Electric lamps have been used to grow plants for nearly 150 years with some of the earliest references being the work of Mangon (1861) and Prilleux (1869) (cited in Pfeiffer, 1926 ). As might be imagined, plant lighting technologies closely

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Elisa Solis-Toapanta and Celina Gómez

strategic locations within office, residential, and classroom environments, indoor light intensities using common electric lamps [e.g., fluorescent or light-emitting diode (LED) bulbs] can range from 5 to 1500 µmol·m ‒2 ·s ‒1 , depending on the time of day

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C. Michael Bourget

. 2. A comparison of the lifetimes of selected electric lamps. This is two to three times better than fluorescent or HID lamps and a 50-fold increase over typical incandescent lamps ( U.S. Dept. of Energy, 2005 ). LEDs are very rugged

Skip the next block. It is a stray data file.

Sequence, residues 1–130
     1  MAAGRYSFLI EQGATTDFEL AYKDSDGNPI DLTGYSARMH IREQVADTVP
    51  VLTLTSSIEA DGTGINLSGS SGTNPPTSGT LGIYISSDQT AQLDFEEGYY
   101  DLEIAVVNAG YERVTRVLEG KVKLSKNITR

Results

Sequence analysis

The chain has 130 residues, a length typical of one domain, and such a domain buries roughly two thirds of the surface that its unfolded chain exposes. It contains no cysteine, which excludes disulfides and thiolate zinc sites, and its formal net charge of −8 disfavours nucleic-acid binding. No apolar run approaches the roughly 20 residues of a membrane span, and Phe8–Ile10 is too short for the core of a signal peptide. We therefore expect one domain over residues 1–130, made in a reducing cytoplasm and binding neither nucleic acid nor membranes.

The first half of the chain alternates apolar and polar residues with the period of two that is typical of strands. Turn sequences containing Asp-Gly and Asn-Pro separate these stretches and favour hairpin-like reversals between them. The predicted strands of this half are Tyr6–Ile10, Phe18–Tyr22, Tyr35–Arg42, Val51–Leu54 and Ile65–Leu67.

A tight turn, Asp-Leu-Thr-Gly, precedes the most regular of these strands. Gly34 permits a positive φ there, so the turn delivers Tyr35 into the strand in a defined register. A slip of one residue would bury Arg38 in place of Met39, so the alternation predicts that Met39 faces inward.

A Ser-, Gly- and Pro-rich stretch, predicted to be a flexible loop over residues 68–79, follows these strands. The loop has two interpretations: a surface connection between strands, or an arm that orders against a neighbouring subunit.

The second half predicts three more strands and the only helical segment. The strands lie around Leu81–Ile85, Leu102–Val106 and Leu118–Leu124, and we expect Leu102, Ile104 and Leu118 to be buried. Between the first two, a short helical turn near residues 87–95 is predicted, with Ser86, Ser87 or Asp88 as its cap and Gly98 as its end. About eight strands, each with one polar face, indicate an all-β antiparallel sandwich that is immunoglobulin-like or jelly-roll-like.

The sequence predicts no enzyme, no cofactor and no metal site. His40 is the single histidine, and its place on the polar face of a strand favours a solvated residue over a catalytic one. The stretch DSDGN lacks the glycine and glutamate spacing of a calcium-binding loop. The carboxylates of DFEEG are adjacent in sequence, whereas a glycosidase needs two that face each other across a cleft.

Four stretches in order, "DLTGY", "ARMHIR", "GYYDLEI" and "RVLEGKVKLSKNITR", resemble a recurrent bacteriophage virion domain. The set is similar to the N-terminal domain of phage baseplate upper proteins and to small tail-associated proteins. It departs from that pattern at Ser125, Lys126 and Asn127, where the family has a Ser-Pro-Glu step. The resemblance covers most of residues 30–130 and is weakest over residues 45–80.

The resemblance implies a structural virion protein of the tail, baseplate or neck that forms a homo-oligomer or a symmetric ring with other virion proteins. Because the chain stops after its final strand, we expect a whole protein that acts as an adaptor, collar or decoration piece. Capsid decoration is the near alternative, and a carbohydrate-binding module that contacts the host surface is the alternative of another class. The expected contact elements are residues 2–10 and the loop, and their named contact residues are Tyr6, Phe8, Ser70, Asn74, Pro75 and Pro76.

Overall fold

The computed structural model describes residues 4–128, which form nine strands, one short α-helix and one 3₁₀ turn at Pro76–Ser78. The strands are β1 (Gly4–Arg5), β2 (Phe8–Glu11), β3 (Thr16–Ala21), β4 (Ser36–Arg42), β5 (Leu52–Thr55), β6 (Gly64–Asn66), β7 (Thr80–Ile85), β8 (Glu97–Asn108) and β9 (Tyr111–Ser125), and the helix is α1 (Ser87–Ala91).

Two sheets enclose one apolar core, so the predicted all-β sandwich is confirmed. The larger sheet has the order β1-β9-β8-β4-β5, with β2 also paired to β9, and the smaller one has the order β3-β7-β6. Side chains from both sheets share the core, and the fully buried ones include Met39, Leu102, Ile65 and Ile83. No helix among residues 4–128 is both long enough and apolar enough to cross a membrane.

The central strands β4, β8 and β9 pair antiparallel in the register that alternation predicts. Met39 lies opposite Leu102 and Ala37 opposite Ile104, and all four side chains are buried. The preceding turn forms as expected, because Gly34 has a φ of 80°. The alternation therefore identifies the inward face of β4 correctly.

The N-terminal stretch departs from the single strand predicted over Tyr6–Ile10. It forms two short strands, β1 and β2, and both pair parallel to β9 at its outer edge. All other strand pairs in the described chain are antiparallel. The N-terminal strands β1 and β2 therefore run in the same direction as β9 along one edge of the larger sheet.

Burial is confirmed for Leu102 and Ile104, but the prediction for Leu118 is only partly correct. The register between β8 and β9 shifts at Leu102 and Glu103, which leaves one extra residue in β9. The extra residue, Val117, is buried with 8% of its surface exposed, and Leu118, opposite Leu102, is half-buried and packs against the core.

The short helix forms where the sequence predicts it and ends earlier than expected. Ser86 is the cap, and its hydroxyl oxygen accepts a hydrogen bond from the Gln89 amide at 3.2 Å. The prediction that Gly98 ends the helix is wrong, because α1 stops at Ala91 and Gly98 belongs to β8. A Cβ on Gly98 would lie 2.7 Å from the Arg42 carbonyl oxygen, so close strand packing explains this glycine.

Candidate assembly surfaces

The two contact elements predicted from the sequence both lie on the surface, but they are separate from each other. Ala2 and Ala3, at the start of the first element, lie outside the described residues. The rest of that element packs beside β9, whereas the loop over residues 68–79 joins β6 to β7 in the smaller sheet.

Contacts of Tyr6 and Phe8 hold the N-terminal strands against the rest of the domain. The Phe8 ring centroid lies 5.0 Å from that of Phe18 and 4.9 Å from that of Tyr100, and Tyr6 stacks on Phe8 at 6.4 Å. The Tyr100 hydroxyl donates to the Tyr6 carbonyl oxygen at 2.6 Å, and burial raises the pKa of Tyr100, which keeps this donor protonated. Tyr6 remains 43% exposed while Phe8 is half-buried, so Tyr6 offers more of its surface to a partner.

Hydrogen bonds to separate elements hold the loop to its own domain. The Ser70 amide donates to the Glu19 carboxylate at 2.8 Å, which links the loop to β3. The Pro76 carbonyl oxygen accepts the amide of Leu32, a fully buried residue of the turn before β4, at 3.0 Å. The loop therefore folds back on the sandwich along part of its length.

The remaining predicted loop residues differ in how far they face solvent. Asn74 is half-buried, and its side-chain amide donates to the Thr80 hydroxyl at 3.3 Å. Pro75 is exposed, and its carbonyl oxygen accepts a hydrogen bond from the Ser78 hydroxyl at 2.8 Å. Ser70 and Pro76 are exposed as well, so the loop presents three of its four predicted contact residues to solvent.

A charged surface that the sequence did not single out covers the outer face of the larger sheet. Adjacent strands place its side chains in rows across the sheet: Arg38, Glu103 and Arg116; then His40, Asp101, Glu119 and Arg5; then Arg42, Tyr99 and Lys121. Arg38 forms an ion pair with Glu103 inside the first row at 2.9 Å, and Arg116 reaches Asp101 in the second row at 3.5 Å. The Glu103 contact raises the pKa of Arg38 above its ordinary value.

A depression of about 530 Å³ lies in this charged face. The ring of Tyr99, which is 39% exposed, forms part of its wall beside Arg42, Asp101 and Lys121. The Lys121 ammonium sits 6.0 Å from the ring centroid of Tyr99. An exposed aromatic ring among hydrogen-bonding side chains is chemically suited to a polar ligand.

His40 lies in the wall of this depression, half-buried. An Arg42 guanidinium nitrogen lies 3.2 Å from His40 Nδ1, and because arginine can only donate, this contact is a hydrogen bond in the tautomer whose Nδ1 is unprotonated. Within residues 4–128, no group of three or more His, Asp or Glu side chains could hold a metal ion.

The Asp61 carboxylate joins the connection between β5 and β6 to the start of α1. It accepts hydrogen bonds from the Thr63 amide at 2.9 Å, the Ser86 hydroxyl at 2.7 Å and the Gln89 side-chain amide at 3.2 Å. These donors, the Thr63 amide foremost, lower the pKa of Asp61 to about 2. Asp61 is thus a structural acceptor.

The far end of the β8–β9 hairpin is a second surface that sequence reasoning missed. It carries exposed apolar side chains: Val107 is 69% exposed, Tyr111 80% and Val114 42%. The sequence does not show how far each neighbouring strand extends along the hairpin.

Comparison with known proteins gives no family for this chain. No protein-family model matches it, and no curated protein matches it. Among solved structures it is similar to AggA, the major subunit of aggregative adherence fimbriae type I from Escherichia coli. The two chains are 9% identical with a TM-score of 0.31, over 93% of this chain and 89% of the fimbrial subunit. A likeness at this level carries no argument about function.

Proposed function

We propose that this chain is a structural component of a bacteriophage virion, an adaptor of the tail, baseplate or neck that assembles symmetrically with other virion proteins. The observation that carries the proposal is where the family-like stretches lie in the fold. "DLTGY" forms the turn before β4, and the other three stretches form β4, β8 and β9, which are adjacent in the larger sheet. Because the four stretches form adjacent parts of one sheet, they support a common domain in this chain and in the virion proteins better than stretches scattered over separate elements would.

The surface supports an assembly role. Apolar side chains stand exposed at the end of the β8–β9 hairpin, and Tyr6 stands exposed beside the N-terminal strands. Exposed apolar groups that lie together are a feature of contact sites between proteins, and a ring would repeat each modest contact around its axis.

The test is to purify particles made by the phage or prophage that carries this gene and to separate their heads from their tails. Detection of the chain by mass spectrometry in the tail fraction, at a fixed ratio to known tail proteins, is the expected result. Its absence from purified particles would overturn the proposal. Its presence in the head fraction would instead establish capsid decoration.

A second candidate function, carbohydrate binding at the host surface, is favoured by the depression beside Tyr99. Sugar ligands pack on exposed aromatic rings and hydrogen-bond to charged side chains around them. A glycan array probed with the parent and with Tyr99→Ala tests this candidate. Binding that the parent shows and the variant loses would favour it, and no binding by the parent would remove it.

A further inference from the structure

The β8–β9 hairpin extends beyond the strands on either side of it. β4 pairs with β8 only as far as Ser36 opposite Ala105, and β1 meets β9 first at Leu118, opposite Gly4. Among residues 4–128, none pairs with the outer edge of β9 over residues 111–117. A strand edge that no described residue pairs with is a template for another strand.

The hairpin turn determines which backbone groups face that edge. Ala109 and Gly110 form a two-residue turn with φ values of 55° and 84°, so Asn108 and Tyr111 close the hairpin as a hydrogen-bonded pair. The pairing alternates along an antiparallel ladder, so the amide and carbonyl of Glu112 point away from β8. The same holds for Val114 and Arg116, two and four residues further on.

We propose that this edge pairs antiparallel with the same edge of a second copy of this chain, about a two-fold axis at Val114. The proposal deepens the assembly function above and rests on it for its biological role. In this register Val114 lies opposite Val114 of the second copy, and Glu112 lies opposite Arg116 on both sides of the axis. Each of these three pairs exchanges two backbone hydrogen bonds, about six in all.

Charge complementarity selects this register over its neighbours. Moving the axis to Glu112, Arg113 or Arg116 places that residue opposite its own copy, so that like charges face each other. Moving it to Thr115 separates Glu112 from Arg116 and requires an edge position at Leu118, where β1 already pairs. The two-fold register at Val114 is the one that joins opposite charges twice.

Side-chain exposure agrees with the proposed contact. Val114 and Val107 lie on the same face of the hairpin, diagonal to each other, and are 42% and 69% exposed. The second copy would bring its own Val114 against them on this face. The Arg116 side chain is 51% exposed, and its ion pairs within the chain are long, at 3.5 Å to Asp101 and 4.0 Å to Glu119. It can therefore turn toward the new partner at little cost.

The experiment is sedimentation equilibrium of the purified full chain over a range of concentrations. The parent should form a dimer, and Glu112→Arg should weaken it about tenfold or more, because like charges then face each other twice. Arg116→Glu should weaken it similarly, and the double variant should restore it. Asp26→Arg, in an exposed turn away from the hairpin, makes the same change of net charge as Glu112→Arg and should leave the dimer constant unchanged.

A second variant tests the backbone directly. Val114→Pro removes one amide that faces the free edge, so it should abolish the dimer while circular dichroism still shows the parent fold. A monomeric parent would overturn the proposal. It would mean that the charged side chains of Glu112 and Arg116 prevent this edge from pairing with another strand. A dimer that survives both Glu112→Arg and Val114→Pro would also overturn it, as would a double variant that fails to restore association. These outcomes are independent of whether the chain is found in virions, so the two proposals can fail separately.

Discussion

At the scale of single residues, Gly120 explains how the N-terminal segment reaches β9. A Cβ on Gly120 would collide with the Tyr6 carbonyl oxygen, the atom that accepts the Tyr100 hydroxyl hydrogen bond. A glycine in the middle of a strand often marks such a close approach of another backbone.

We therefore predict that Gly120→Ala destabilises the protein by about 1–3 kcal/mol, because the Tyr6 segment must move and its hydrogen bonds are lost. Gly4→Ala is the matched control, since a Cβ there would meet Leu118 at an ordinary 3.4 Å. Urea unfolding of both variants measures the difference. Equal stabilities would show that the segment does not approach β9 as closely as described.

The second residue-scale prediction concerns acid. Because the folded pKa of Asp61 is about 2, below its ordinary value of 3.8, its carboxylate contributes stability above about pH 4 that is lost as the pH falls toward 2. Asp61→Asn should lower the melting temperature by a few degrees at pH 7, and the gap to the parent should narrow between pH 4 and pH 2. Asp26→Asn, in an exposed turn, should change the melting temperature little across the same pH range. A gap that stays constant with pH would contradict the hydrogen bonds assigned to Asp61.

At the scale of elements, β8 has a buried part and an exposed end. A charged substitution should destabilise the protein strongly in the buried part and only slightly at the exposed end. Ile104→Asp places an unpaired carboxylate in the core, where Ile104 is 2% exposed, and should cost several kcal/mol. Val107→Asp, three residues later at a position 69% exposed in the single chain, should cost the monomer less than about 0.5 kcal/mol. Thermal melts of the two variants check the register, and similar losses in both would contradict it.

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Allison Hurt, Roberto G. Lopez, and Joshua K. Craver

Lopez, 2014 ). To remedy this issue, greenhouse operations use high-intensity electric lamps to provide SL, with a standard target PPFD of 70 to 90 µmol·m –2 ·s –1 ( Lopez et al., 2017 ). Although HPS lamps are the current industry standard, LEDs have

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Gary W. Stutte

application in horticulture. Carl Wilhelm Siemens tested electric carbon-arc lamps on plant growth in the mid-to-late 1880s and coined the term “electro horticulture” to define this application of electric lamps. He postulated that “the horticulturist will

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Gioia Massa, Thomas Graham, Tim Haire, Cedric Flemming II, Gerard Newsham, and Raymond Wheeler

and research potential of these systems. Electric lamps such as fluorescent, high-pressure sodium (HPS), and metal halide (MH) have been used for decades to grow plants in controlled environments ( Sager and McFarlane, 1997 ; Wheeler, 2008